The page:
$one . "','" .                          
                $two . "','" .                              
                $three . "','" .                                    

            $sql =  "INSERT INTO `Information` (`id`, `one`, `two`, `three` ...)
                    VALUES " . implode(",",$sqlInformation) . "";

            if (mysqli_query($connect, $sql)) {
                echo "New information is created successfully";
            } else {
                echo "Error: " . $sql . "<br>" . mysqli_error($connect);

        curl_multi_remove_handle($mh, $ch[$k]);


    $urls = array_merge($urls, $again);

//sleep, requestrate

  • 1
    \$\begingroup\$ you are storing a giant array $urls. The more records you select, the larger $urls array gets. Instead of while($urls), you should be doing while($result = mysqli_fetch_array($ids)) {... in order to take advantage of db cursor. \$\endgroup\$ Commented Oct 19, 2015 at 2:17
  • \$\begingroup\$ @PHPhil I tried to give the feedback you requested; did you find my answer helpful? \$\endgroup\$ Commented Jun 28, 2016 at 12:28

1 Answer 1


I have a few observations about your script:

  1. You are executing DB queries in a loop: foreach(chunk...)...mysqli_query.... This means that for 4,000 urls, you will query the DB 4,000 times (assuming no unrecoverable error). This is expensive and will slow your script down considerably and lead to a lot of overhead. You're better off building and storing all the $sql commands you will want to execute in an array. Once you've finished your cURL operations, implode the array into one big INSERT operations (look up how to insert multiple records with one query).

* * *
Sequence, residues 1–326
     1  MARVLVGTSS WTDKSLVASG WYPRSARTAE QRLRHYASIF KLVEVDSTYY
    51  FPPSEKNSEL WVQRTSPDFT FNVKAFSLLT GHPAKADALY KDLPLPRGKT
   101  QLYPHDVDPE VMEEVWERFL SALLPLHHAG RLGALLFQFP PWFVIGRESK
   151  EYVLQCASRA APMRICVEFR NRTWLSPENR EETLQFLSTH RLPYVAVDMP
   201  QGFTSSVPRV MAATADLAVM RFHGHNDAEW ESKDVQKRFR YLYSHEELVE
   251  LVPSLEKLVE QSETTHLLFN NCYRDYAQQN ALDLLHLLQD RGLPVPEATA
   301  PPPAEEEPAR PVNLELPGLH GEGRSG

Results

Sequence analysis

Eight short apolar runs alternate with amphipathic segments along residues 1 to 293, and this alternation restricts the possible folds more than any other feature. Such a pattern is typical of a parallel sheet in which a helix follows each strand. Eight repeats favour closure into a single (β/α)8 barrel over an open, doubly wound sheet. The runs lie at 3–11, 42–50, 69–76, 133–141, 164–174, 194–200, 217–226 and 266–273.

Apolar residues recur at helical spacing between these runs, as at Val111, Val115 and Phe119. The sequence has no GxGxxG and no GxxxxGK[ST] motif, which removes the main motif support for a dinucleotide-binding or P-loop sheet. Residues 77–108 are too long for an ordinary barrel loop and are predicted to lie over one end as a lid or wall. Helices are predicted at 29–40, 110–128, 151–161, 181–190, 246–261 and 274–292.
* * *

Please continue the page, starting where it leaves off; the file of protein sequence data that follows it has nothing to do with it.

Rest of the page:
2. The docs for mysql_query show that the default behavior is to store results in memory. I suspect that because you make so many queries without closing the connection, your memory is filling up (I'm unsure though since almost all your queries are INSERT rather than SELECT). I suggest you change that behavior by passing a MYSQLI_USE_RESULT as the 3rd argument. This means that after you've processed the result with your script you must execute mysql_free_result() before making the next query.

  3. This has less to do with performance and more with maintainability and scalability; consider breaking out the functionality into several single purpose functions: fetchUrls() could return your $urls array, curlExec($chunk, &$results, &$errors, &$again) could make the cURL requests and add to the $results,$errors and $again arrays (notice I passed them by reference). You would iterate over that function, re-inserting the again urls at the back of the line until you have processed all urls into just $results and $errors array. Next, dbInsert($results) would implode all results into one big INSERT operation and a single request to the DB

In general my approach to finding the culprit would be to then comment out individual steps of the operation and run the script, watching the memory usage. Eventually you'll pinpoint the memory hog.